Marine resources are considered as a very promising source of bioactive molecules, and macroalgae in particular have gained special attention, due to their structurally diverse composition. Particular interest has been devoted to the brown macroalga Bifurcaria bifurcata, due to their abundance in [...] Read more.
Marine resources are considered as a very promising source of bioactive molecules, and macroalgae in particular have gained special attention, due to their structurally diverse composition. Particular interest has been devoted to the brown macroalga Bifurcaria bifurcata, due to their abundance in bioactive linear diterpenes. In this appraisal, a thorough review concerning the methodologies used in the extraction, fractionation, and identification of diterpenes from B. bifurcata is provided and discussed in detail. An exhaustive compilation of the mass spectra and nuclear magnetic resonance (NMR) data are also provided. The in vitro and in chemico assays already performed to assess different biological activities attributed to B. bifurcata diterpenes are also reviewed, emphasizing the use of isolated components, enriched fractions, or crude extracts. The associated major strengths and challenges for the exploitation of B. bifurcata diterpenes for high-value applications are critically discussed. Full article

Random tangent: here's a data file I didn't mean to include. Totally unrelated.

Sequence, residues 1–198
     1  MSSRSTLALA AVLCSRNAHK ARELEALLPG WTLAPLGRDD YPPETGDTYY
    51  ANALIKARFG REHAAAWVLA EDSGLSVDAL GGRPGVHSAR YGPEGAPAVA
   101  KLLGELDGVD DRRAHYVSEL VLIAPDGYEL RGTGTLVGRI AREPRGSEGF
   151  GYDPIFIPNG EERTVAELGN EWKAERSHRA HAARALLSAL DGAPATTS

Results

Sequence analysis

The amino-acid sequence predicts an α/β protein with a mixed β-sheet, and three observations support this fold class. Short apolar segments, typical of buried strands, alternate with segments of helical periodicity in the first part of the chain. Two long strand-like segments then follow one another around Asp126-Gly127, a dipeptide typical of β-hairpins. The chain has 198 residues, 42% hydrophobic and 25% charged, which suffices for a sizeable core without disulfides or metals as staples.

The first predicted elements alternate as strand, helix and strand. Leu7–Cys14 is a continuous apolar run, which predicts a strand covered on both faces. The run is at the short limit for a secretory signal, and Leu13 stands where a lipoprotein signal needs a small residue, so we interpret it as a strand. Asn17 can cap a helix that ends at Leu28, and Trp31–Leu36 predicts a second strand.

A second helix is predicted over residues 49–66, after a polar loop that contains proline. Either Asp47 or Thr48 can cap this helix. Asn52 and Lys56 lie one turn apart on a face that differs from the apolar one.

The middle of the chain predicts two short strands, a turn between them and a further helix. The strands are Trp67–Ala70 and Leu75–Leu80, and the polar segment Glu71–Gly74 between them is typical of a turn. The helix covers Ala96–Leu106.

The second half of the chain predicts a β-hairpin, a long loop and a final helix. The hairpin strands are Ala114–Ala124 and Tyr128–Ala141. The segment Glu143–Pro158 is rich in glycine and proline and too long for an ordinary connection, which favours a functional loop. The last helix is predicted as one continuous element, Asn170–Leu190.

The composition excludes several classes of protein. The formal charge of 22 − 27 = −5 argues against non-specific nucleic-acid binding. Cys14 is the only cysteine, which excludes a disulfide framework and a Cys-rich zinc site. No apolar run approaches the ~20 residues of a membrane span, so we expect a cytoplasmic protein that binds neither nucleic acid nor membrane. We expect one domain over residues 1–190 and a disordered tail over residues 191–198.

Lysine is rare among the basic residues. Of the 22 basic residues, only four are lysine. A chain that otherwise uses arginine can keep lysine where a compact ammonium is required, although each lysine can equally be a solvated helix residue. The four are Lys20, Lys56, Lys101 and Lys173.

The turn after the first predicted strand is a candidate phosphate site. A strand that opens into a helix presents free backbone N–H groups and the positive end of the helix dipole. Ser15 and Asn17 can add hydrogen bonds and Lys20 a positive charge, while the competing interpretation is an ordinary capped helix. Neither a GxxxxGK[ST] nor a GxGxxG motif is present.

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Open AccessReview
Prebiotics from Seaweeds: An Ocean of Opportunity?
Mar. Drugs 2019, 17(6), 327; https://doi.org/10.3390/md17060327 - 01 Jun 2019
Cited by 4
Abstract
Seaweeds are an underexploited and potentially sustainable crop which offer a rich source of bioactive compounds, including novel complex polysaccharides, polyphenols, fatty acids, and carotenoids. The purported efficacies of these phytochemicals have led to potential functional food and nutraceutical applications which aim to [...] Read more.